I know this is a relatively common topic, but I’m seeking as much clarity as possible since I’ve never had a bass that is truly well setup.
My bass is only a month old and from Sweetwater, so it was checked to meet Fender specs before delivery (it’s an American P Bass, I love it). The sound is amazing but the action seemed just a bit too high and strings were hitting the highest fret sometimes.
I took it to a great local luthier for a setup and now it’s ridiculously comfortable. Seriously, I didn’t know it was possible for a bass to be so easy to play. But I’m getting quite a bit more fret buzz one the 1st-3rd frets now. The rest of the neck doesn’t have a lot of buzz, but I play “the money notes” often, so this might be a problem.
The tech said the neck was super straight, so he adjusted the truss rod to add some relief. Maybe it was too much? Maybe there’s no way to have a super comfortable action with no buzz? Maybe there’s some simple adjustment? Help!
Usually fret buzz when fretting open, or 1 thru 5 means the neck still needs more relief (it’s bowed towards the strings). You can tell by holding down first fret on E string with your left hand, 12 fret with your right thumb, and look at the space between E string andbyour 7th fret. Should be space, not touching the fret, and not too much of a gap where its wider than the thickness of a business card. Tons of videos on youtube about this, hope it helps.
If you pluck hard, pluck with a little less force. Might surprise yourself with how little effort is required and the buzz just may go away.
Yes, I’ve been trying to play more gently and it definitely helps. But sometimes you just need to grab a pick and hit hard for some pop punk fun
Yep that’s exactly how much space is there. I am prepared for the answer to be “better technique” haha
Thanks for this tip!
So i had this with my omen extreme. It had super low action because i wanted it to be more melodic than spine shaking.
Playing it with almost no pressure there was a mild buzz up to the 4th fret or so. If i played harder or added distortion, it smoothed out.
It was fun to play like that, but i wanted more of an all around instrument, so a little tweak to three truss rod clears it up. But the advice given here is spot on. If using a capo at the 5th fret, you should have a little gap at the first fret. I use feeler guages and keep it at about .022. That seems real good. But again, it’s all opinions. Make it play like you want it to play. It is little, you are big.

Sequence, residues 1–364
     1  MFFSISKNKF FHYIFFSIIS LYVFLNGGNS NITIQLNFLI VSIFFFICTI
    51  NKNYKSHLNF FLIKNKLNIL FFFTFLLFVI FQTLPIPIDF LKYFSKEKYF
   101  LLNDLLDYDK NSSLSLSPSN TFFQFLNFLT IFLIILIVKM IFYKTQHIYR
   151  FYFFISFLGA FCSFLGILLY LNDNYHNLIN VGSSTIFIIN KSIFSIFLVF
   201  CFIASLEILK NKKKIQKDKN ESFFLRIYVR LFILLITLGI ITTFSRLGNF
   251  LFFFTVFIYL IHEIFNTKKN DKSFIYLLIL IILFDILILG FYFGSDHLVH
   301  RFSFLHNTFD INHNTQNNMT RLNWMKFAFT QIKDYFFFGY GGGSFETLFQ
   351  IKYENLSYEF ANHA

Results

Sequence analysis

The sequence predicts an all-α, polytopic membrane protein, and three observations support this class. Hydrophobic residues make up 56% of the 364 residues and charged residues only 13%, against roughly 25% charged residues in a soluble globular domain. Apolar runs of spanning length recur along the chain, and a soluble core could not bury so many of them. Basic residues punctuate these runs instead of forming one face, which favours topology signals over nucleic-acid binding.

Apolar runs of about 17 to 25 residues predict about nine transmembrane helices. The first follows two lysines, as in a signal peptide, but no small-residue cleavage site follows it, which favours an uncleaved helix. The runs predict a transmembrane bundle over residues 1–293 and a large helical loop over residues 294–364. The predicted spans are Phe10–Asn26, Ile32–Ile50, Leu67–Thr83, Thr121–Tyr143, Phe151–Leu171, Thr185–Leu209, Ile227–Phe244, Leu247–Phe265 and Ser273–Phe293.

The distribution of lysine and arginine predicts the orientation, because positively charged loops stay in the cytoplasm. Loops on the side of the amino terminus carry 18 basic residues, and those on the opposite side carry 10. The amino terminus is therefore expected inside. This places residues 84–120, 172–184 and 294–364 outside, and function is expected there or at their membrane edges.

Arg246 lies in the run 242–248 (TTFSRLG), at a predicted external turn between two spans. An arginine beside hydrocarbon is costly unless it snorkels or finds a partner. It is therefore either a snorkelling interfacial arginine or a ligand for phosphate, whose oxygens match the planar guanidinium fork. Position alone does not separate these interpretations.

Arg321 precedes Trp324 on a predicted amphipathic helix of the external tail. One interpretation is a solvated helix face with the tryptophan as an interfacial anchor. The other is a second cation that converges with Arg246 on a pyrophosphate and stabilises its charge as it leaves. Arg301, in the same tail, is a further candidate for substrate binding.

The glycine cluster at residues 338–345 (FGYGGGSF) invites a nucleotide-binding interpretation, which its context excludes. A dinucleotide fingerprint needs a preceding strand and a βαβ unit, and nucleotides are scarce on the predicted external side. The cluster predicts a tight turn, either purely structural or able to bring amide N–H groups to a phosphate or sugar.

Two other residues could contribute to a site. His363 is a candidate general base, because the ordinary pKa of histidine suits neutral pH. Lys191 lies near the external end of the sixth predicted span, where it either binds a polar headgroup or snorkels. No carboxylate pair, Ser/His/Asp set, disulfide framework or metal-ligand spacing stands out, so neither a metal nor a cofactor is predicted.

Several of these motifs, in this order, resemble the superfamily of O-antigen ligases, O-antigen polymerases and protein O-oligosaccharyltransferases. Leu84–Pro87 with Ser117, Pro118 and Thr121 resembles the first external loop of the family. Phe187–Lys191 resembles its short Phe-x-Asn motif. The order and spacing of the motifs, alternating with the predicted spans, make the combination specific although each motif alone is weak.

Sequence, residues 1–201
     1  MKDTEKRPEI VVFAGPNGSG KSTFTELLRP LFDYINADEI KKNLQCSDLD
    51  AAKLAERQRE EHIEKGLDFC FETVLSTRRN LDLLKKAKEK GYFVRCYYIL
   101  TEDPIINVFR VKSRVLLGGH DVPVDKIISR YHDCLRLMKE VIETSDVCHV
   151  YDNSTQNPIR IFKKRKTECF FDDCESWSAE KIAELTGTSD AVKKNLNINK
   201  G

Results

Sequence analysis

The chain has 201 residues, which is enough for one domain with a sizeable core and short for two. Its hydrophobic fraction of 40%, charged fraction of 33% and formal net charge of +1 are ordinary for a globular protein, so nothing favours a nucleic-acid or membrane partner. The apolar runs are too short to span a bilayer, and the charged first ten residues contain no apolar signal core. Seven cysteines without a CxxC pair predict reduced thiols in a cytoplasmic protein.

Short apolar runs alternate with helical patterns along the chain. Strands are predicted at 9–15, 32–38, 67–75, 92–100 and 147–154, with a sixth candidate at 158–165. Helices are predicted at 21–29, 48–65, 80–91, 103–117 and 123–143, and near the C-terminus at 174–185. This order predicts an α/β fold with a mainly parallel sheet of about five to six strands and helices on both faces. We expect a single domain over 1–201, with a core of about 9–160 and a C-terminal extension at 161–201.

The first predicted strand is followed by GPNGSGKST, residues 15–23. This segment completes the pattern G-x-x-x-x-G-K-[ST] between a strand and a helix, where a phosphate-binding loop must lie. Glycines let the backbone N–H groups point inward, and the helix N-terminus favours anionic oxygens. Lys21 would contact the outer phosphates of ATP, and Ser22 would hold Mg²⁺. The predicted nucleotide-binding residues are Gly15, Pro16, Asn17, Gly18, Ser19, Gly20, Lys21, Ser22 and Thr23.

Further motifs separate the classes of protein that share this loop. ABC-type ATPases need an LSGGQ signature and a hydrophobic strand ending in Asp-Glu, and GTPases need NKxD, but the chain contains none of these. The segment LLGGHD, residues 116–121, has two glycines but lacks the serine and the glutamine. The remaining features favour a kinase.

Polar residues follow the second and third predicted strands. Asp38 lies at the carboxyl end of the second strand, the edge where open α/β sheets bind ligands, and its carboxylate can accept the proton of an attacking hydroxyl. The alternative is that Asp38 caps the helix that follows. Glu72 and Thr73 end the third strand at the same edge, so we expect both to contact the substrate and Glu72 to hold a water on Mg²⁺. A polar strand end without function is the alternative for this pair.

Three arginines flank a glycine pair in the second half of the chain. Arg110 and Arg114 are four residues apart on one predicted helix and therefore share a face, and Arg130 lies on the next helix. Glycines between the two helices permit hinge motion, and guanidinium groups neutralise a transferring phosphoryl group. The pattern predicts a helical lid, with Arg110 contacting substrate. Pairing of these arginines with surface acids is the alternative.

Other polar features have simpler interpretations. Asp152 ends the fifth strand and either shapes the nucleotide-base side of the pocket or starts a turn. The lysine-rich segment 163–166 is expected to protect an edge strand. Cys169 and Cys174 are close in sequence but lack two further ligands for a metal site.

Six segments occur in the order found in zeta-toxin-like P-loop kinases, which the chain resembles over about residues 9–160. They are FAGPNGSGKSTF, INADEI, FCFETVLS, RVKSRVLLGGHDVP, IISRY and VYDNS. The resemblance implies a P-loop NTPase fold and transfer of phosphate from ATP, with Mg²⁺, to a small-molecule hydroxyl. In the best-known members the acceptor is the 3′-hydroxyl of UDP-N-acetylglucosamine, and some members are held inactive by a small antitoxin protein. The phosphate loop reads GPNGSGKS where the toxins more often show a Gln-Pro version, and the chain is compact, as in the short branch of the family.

Ha, those who live in glass houses don’t throw stones! Are you getting this on all strings, or just one or two? If it is just on one, I would try raising the saddle height in micro adjustments until the buzz goes away and see if the see how much you had to raise it. Make sure to tune the bass between each adjustment so you have the right tension on the strings. If it is acceptable leave it.
I have 5 basses, and have one that gives me problems that sound similar to yours. Most are from Sweetwater, so most had the same factor spec setup before being sent to me. I received most of them with really high action which made them difficult to play. I had a luthier do a setup on one because I needed a few frets leveled. When I went to pick it up, no buzz anymore. Next day it buzzed like I had never brought it to him. It took me awhile to make the proper truss rod adjustments and saddle height adjustments to get rid of the buzz again, and I can say they were all small adjustments. I live in SW Florida, and the humidity really affects the necks on my basses.
All that being said, when I was new, my first question to Josh Fossgreen was about string buzz. Being new, I still wasn’t pressing down hard enough, or not close enough to the fret, which went away as I played more. I can also tell you that I could never get my first bass set to my liking, so I traded it in for another that didn’t give me any problems!
To me the only acceptable fretbuzz is no fretbuzz.
Zero, nilch, nada!
Thanks! I’ll try the 5th fret trick to see if I need more relief or what. I’m also waiting to see if it “settles” after a few days. I’m definitely not itching to undo the work I paid a pro for
But bassbuzz is acceptable right?
My goal is to ge the bass set up so well that I can be confident any issues are purely my fault for poor technique haha.
I’m definitely noticing it more on the A and E strings, so maybe I can try moving those saddles a bit.
I kind of like a little fret buzz when you really dig in. Gives a nice snappiness.
I gave the truss rod a quarter turn counter clockwise to add a bit more relief and it seems to be the sweet spot for me. The action is now a tad high on the higher frets, but the overall experience is much better. I can probably tinker with the saddles tomorrow.
Thanks for all the helpful input!
Ah, there it is. The “i can do this” moment we all long for. Kinda flippin’ sweet, ain’t it?
Yes! Exactly what I needed.
Yeah, but that’s not fret buzz. Large diff.
That’s a default state around here.